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The Japenese-Peruvian Culinary Delights in Zagreb City Centre, Hanami Restaurant

Nikkei cuisine, a combination of Japanese techniques and local Peruvian ingredients was a motivation for a newly opened Zagreb’s restaurant – Hanami. The same fusion of local, Croatian ingredients and Japanese cooking techniques, was a leitmotiv for chef Moto Mochizuki in creating a new spring menu.

After 17 years of working for one of the most popular Japanese restaurants in Zagreb, chef Mochizuki is now in charge of the Hanami restaurant, settled in the very center of Zagreb, few steps from the cathedral. Hanami shares garden with one of the traditional Zagreb restaurants, Baltazar which will soon open its wine bar. Probably the most diverse backyard for hedonists, looking to explore new and old Croatian cuisine.

Ahi Poke, Photo: Hanami Zagreb

On the Hanami spring menu, you’ll find local ingredients, Japanese cooking techniques, and some attractive influence. Like ultra-popular Hawaiian Poke style of preparing fish. It means diced fresh fish, here they went for tuna, marinated in homemade Poke sauce. Ahi is tuna on Hawaiian, so look for Ahi Poke. It’s a bomb of flavors and spices.

Get to know your tuna! Otoro, chutoro and akami sushi

Depending on the taste and texture experience you are looking for in your tuna, Japanese cuisine made it a whole new dimension. In most Japanese restaurants, you’ll have otoro tuna, the most desirable part of the fish’s belly.  It’s a bit more expensive part of the tuna, rich in fat and melts in your mouth.

The Hanami spring menu sushi is made with chutoro tuna, the smallest and hardest to get part of tuna. It takes a whole fish to make one chutoro sashimi. This is considered the medium toro, the taste between the decadent otoro and meaty akami. Otoro tuna meat is not that rich in fats, doesn’t display as heavy as otoro sometimes can and it has appealing crunchiness like akami.

On the new spring menu you’ll also find Yamato maki rolls, where Yamato is a cooking style. Tuna is first cooked in soya sauce, sugar and sake, a process that makes umami denser. Crunchiness in chef Mochizuki Yamato rolls comes from tempura flakes.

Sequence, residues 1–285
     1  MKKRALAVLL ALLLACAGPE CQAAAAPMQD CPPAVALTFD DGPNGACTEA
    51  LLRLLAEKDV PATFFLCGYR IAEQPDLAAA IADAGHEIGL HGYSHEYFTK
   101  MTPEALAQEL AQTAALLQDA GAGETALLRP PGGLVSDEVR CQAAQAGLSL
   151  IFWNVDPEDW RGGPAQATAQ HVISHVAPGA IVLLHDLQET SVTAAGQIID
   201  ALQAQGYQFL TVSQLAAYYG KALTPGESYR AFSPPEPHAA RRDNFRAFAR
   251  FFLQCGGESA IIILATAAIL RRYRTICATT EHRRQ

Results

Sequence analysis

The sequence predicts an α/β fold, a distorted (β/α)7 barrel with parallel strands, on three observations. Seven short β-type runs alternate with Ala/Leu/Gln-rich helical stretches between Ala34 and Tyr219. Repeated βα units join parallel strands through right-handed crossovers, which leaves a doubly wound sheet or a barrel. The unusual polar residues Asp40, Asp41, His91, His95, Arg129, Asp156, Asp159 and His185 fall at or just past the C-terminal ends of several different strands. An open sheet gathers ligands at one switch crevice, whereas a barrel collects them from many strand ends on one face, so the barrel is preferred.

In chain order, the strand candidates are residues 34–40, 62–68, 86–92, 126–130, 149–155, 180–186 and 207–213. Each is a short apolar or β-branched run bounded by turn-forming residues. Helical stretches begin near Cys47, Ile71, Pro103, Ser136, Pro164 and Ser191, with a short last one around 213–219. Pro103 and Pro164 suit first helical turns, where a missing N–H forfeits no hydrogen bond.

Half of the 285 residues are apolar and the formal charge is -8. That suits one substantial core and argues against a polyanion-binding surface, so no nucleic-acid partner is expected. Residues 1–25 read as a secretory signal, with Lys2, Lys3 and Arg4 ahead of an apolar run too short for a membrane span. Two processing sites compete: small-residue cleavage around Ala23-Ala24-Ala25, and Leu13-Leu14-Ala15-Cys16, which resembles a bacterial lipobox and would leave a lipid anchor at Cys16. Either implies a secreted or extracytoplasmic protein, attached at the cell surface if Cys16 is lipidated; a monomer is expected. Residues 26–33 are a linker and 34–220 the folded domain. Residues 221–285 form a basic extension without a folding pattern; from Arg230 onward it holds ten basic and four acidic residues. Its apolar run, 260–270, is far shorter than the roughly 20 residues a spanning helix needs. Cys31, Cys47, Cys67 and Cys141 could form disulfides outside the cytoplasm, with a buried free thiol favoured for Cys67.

Sticky, soft and absolutely delicious Mochi for ending

Kinako-Mochi, Photo: Hamani Zagreb

You can really feel the difference between factory-made mochi and the one that is prepared carefully in the restaurant kitchen. The texture doesn’t lie. With the combination of Japanese cooking techniques and our European need for filling, the new Mochi is filled with white chocolate ganache. Yes, usually you would eat mochi without the filling, but this small change in the recipe makes it feel more of European taste. And it tastes, sensational.

The creamy, mouth-watering feeling was the perfect end of our meal at the Hanami restaurant.

How to pair Japanese cuisine with the wine?

What perfectly followed our course of starters, sushi and maki rolls was locally produced Sauvignon Blanc. Made right next to Zagreb, on the rolling hills of Plešivica, the Korak family estate Sauvignon Blanc 2018. Is maybe not as expressive on the nose, as you’d probably expect from this variety. Instead, it offers subtle notes, perfect balance and medium body that allowed the dished to come through the wine, and paired perfectly with spicier notes in some dishes.

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